Before we even think of deciding who or what the locusts represent, i think that we must first try to decide who or what is represented by the name Apollyon, "a king over them"
It is necessary to reason and know, on which side does Apollyon stand, the right or the wrong ?
Considering who or what Apollyon represents, there seems to be no middle ground, either he is a servant of God or he is a variation on the devil or Lucifer
So to know who or what Apollyon, "their king", is, would make it easier to think about who or what his, shall we say, subjects, the locusts, are.
We know that Apollyon is greek for "destroyer"
Ark i wrote from what his idren told him that, " it was Selassie I who was given the keys to the bottomless pit."
I do not know about that
As far as i know the first time that the words bottomless pit are used in the bible is right here in Rev.9:1
"And the fifth angel sounded, and I saw a star fall from heaven unto the earth: and to him was given the key of the bottomless pit."
So i do not see anything to suggest that Christ was given the key to the bottomless pit.
Ofcourse we already know from Rev. 1:8
"I am he that liveth, and was dead; and, behold, I am alive for evermore, Amen; and have the keys of hell and of death."
This is spoken by the voice that says, I am the Alpha and Omega..; I am the first and the last.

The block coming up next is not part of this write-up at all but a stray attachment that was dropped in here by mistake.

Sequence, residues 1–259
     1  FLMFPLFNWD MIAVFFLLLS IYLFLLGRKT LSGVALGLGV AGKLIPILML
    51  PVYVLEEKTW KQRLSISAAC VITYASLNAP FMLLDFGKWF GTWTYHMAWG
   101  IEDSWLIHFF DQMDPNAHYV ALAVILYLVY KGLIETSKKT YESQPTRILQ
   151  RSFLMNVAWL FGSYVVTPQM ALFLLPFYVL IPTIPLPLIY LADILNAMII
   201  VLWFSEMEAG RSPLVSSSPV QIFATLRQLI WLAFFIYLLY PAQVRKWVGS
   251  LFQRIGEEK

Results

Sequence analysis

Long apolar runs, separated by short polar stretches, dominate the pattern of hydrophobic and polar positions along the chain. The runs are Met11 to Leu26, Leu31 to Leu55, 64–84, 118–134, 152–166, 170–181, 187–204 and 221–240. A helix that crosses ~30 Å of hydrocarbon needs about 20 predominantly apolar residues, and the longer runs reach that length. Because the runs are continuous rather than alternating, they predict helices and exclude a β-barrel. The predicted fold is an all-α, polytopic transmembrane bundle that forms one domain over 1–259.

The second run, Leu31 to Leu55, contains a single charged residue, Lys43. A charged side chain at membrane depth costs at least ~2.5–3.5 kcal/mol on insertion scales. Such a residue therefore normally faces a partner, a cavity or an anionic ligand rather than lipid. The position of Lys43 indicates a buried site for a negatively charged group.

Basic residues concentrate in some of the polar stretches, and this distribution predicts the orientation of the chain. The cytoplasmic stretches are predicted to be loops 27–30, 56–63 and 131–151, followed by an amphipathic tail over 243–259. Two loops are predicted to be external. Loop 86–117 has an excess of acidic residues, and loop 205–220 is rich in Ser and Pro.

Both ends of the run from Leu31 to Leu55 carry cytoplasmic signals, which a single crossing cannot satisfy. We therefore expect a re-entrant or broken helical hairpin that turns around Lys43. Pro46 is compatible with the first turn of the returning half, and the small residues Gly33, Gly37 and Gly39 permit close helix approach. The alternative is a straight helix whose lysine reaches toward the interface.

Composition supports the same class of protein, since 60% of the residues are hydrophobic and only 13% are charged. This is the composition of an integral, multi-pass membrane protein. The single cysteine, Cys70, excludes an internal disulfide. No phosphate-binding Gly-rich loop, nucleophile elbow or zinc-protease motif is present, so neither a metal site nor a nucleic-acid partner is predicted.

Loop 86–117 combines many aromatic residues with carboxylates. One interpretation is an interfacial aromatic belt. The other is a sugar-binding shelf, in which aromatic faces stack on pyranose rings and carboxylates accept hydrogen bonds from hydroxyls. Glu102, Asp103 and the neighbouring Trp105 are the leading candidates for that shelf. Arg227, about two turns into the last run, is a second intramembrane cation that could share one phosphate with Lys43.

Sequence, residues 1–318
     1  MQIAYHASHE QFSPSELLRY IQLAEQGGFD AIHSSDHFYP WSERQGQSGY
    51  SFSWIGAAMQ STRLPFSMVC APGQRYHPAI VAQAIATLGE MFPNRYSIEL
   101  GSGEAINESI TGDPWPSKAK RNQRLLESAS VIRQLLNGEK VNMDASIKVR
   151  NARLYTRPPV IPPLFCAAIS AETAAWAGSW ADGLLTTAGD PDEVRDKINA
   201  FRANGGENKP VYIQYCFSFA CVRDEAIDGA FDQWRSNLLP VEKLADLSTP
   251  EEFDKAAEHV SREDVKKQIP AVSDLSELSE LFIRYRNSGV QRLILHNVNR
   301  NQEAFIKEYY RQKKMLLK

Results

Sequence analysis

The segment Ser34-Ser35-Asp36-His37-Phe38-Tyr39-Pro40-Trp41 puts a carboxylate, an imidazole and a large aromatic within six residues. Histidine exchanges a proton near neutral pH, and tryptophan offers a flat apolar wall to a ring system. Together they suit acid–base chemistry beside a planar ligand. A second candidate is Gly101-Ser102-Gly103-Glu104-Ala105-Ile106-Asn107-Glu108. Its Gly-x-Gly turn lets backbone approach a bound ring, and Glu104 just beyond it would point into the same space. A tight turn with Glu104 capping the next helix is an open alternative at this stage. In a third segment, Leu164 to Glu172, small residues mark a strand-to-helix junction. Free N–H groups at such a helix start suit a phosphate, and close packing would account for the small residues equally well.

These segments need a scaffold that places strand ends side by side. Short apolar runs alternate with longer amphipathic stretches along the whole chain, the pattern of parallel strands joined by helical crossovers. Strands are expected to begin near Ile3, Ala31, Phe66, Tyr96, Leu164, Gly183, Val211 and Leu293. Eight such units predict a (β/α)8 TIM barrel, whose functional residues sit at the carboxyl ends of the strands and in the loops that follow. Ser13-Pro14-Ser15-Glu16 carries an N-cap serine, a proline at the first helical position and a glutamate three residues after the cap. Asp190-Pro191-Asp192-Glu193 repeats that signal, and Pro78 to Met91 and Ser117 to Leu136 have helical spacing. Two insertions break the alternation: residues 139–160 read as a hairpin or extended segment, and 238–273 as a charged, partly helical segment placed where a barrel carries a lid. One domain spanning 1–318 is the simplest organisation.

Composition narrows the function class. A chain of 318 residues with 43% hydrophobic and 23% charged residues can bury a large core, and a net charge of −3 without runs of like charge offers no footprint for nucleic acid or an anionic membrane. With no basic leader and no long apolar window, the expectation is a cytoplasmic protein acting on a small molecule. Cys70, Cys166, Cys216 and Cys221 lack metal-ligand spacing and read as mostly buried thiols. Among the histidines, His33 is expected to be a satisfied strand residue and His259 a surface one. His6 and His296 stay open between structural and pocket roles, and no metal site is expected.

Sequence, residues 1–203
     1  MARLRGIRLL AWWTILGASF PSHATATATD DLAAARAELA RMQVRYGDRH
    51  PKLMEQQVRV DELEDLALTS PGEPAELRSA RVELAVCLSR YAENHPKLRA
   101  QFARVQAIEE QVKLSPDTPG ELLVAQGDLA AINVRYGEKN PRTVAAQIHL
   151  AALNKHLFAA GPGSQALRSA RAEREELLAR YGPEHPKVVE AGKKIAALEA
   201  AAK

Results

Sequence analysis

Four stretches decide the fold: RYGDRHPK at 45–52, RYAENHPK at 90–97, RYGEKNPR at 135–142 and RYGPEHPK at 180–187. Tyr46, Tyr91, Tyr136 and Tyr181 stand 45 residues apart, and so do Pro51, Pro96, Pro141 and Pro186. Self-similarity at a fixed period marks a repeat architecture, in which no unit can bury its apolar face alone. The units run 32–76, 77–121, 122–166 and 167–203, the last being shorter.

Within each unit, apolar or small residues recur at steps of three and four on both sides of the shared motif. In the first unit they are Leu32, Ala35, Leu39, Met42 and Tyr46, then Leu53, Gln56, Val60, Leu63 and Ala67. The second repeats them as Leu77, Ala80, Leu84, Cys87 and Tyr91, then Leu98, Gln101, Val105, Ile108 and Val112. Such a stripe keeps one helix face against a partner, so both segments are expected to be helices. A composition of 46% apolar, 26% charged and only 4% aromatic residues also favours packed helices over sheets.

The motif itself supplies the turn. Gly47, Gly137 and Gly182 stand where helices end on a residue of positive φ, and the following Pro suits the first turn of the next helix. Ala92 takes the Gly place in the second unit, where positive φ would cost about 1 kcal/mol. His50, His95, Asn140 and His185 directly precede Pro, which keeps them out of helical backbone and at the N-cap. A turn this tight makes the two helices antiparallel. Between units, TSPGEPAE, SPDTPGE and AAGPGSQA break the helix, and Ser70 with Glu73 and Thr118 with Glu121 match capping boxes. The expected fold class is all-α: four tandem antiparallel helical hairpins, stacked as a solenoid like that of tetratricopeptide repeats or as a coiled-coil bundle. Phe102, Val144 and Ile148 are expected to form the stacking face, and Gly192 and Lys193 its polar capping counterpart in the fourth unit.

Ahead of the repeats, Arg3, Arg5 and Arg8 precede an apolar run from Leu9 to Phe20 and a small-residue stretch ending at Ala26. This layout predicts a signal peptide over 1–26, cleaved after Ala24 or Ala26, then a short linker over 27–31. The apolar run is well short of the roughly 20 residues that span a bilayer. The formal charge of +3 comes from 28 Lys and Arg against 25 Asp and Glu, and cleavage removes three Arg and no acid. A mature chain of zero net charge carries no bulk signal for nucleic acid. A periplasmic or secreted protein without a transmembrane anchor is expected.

So we can be sure that Christ holds the keys of "hell and death"
The keys of hell and death, does not mean, the keys to the bottomless pit
Death and hell are not meant to signify places where one goes, but are states of being
"And death and hell were cast into the lake of fire" Rev.20.14
So when Christ says, "I am alive for evermore, Amen; and have the keys of hell and of death", i think that it is more akin to what He says in Matthew 16:19, than to the bottomless pit
"And I will give unto thee the keys of the kingdom of heaven: and whatsoever thou shalt bind on earth shall be bound in heaven: and whatsoever thou shalt loose on earth shall be loosed in heaven."
Going back to Apollyon. Who is he?
In the song Armaggedon, Bunny Wailer sings
"In the beginning, there was but one concept,
And that's the concept of I.
Then arose Apollyon, the Devil
- Satan! Satan! -
claiming that it's you and I."
This is one side of the opinion.
In Rev 9:1, it says, "I saw a star fall from heaven unto the earth"
This line is very reminiscent of the passage from Isaiah
"How art thou fallen from heaven, O Lucifer, son of the morning! how art thou cut down to the ground, which didst weaken the nations!"
Is this why Bunny Wailer sings those words?
Another thing that we can call to attention is the word "given", when the bible says, "and to him was given the key to the bottomless pit"